Life of an artist

Calvin Fletcher, fondly known as "The Prof," was born in Provo, Utah, on June 24, 1882 son of Charles Eugene and Elizabeth Miller Fletcher.

Calvin was a shy child whose artistic gifts were apparent early in his life. Although he was most interested in sculpture, no local teachers were available, so his parents arranged lessons with the painter J. B. Fairbanks who had a studio in Provo. A year later Calvin entered Brigham Young Academy, from which he received a "certificate in normal drawing." He then attended Brigham Young University and graduated two years later in 1905 with both a Bachelor of Science and a certificate in Fine Arts.

After graduating from Brigham Young , Calvin continued his education in New York City’s Columbia University and the Pratt Institute, then in London, Paris and Chicago. Upon finishing his studies, this artist and educator taught both in Utah County schools and also at BYU. In 1907, he became a professor at Utah Agricultural College (Utah State University) in Logan, Utah. He was head of the art department for 40 years. It was once said of him by the University that “He has probably done more than any other individual to build the art program at Utah State University”.

Calvin was a productive artist who thoroughly enjoyed teaching. His close colleagues were his appreciative personal friends. They enthusiastically followed his leadership in introducing to Utah the “modern art” trends of the impressionist and post-impressionist artists – Monet, Renoir, Cezanne, Van Gogh and many others.

Calvin Fletcher led Utah from Impressionism to Modern Expressionism. From the 1920s to the 1940s, Fletcher brought distinguished national artists such as Lee Randolph, Birger Sandzen, BJ Nordfelt, Otis Oldfield, Ralph Stack Pole, and Ralph Pearson to teach summer classes at Utah State. These renowned artists solidified Fletcher's ideas in the minds of Utah's young artists and helped him establish modern art in Utah.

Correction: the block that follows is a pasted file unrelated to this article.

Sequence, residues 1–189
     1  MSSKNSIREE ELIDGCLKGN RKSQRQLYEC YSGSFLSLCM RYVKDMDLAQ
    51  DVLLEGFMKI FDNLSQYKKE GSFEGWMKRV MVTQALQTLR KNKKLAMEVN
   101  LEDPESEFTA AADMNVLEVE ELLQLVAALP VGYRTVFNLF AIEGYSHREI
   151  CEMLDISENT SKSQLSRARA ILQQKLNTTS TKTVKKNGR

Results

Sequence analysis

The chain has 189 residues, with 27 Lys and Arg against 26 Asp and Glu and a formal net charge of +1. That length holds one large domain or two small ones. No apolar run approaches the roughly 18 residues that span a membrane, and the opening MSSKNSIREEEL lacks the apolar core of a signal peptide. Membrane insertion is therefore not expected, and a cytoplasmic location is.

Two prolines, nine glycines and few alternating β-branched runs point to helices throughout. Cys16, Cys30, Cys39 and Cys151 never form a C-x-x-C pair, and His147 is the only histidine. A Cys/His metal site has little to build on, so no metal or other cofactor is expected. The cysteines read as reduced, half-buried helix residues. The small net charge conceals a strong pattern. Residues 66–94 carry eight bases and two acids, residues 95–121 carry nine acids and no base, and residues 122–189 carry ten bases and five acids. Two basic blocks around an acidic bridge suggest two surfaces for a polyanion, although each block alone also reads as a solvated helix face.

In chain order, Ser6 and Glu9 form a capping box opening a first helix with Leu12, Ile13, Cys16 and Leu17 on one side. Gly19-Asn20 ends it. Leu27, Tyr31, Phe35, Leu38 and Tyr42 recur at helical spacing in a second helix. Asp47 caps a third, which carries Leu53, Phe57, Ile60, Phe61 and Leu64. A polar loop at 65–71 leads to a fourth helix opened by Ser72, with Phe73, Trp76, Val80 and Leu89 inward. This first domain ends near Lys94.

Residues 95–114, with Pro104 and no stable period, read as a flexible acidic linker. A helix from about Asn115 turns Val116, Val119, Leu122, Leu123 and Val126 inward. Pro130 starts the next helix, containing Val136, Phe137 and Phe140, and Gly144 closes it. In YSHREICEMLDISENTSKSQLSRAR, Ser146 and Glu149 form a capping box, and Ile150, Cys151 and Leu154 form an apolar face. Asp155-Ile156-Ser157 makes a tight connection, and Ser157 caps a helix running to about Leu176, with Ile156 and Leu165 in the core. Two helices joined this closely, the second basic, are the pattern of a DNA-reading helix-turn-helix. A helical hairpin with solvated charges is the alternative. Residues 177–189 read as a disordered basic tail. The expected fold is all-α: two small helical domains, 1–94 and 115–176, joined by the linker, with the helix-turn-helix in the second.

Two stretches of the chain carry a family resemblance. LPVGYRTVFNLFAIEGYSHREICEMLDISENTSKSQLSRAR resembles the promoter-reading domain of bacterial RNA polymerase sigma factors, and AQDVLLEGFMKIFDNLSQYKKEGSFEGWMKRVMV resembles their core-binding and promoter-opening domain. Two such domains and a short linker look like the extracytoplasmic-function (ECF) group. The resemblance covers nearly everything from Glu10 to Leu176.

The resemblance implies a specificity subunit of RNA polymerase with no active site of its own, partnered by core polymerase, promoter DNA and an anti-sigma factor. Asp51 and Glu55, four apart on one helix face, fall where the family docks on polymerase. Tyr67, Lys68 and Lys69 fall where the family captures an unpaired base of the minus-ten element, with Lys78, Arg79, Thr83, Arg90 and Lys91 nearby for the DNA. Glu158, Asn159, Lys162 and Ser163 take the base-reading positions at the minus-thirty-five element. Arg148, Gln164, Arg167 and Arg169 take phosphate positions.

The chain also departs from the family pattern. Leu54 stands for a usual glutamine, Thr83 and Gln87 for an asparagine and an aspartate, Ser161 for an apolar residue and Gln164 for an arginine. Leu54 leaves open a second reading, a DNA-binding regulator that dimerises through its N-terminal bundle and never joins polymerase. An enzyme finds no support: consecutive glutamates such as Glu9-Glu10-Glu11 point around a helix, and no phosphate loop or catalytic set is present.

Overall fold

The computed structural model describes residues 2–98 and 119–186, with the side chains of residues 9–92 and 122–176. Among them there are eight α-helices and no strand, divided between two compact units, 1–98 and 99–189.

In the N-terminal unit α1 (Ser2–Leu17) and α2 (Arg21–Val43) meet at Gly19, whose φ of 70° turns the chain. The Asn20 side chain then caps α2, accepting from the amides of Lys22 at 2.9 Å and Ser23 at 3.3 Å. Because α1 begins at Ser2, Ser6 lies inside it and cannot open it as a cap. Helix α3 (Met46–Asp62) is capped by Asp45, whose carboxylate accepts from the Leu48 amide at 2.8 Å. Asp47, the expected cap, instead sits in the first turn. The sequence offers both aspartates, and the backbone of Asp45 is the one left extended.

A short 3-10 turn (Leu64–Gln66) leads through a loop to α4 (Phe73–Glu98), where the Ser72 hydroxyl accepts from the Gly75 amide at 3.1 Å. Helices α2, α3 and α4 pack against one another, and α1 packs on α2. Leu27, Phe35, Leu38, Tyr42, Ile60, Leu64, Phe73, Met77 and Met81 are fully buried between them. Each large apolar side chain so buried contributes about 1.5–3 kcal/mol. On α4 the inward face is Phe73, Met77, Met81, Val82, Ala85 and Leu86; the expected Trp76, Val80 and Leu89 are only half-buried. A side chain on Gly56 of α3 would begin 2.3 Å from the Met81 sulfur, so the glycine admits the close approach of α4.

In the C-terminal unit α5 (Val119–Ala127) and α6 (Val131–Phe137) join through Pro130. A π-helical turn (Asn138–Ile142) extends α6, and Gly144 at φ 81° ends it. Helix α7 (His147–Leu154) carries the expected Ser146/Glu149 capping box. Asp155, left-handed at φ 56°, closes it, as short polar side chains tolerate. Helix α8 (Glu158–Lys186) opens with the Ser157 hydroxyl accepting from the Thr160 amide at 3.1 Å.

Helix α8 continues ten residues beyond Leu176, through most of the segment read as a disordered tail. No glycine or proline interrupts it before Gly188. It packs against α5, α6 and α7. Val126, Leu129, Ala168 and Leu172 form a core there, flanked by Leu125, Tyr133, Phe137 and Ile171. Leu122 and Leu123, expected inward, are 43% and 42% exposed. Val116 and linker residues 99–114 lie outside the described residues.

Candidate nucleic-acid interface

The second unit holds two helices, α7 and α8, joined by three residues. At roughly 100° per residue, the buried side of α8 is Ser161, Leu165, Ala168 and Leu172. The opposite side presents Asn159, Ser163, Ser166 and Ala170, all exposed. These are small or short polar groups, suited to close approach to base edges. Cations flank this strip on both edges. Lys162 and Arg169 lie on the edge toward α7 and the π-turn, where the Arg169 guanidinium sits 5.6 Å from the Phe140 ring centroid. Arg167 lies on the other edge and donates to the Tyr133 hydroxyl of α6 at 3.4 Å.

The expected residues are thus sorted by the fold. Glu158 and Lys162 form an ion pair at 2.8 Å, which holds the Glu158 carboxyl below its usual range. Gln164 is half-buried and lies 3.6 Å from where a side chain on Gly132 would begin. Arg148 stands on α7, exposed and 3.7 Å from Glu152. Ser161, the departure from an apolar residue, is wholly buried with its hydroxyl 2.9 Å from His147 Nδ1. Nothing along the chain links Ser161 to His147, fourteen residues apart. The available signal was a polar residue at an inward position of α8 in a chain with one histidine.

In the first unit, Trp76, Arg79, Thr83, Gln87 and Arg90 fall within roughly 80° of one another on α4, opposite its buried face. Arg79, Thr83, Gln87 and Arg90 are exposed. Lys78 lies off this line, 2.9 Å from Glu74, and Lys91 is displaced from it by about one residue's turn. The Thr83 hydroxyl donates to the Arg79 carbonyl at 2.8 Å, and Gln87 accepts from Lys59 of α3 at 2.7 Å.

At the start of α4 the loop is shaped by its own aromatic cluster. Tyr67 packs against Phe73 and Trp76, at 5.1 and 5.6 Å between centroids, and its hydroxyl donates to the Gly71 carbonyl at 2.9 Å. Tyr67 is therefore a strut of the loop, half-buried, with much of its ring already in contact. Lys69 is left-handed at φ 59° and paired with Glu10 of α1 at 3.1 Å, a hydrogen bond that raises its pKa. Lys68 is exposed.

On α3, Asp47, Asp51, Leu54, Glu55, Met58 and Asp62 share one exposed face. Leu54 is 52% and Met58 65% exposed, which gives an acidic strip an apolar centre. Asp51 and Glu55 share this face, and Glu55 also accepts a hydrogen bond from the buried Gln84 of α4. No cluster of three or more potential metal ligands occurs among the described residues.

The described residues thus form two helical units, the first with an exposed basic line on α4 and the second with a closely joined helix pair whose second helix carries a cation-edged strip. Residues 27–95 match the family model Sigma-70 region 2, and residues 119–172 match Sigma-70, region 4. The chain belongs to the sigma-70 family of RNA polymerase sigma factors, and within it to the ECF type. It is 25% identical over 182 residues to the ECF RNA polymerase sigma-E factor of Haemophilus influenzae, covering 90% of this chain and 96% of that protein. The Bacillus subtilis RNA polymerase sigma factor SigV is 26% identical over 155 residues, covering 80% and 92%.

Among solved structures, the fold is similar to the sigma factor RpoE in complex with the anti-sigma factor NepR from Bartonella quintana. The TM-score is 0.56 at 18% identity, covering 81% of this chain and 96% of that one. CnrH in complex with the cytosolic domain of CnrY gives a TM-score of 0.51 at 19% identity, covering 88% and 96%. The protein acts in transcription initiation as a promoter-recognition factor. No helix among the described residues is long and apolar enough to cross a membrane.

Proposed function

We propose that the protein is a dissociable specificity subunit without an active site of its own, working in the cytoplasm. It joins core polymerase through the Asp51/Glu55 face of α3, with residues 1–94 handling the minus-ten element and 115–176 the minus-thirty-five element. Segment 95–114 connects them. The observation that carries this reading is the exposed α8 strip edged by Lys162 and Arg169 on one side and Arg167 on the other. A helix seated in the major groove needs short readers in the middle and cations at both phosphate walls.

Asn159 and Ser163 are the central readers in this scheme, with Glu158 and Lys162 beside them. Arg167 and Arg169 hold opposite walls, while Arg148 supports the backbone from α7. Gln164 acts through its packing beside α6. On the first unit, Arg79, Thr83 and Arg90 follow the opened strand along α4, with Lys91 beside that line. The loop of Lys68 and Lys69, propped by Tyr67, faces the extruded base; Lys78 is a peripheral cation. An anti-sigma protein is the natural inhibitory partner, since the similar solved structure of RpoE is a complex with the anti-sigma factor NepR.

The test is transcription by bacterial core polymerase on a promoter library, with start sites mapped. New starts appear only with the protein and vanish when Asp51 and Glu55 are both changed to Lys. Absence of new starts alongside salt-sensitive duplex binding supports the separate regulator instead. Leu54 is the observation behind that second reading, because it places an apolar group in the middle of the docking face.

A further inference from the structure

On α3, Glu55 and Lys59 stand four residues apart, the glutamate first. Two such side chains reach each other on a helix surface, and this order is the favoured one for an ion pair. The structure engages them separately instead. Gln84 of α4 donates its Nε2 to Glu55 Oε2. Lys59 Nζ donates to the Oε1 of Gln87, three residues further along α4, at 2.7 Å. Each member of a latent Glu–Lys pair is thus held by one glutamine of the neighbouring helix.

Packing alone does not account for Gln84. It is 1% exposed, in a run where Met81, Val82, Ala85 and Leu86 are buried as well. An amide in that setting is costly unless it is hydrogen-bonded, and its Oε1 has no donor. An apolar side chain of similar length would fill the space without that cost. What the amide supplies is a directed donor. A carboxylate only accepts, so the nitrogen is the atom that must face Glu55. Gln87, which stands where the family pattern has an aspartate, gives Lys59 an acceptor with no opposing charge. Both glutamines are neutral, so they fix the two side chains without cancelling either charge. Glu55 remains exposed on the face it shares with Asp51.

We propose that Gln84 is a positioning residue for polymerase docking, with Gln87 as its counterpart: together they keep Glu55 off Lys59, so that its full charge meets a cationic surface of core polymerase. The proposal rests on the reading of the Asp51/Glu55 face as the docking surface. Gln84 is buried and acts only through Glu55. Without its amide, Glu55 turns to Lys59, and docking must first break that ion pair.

His admiring students have explained that his teaching was never boring, because he really knew art history and was enjoying every opportunity to still learn more about the most creative artists in order to inspire his students with actual examples of how they solved their design and composition problems. Students were cautioned not to merely copy famous artists – but to learn how to glean from them how to think creatively in solving their own design problems. Fletcher's desire to improve motivated him to learn continuously throughout his life. Though originally interested in sculpture, Fletcher chose to pursue his talent as a landscape painter. He was not a painter who created solely according to emotion and intuition; the principles of design were also important to him. Through extensive study of great masters' works, he found the movement from Realism to Abstraction came naturally, because his works were based upon correct design principles. Thus, although Fletcher was a Modernist, his paintings were always based on classical design, even in the most modern of his Expressionist works. His continuous efforts to learn these principles resulted in a deep understanding of art, its history, and its purpose.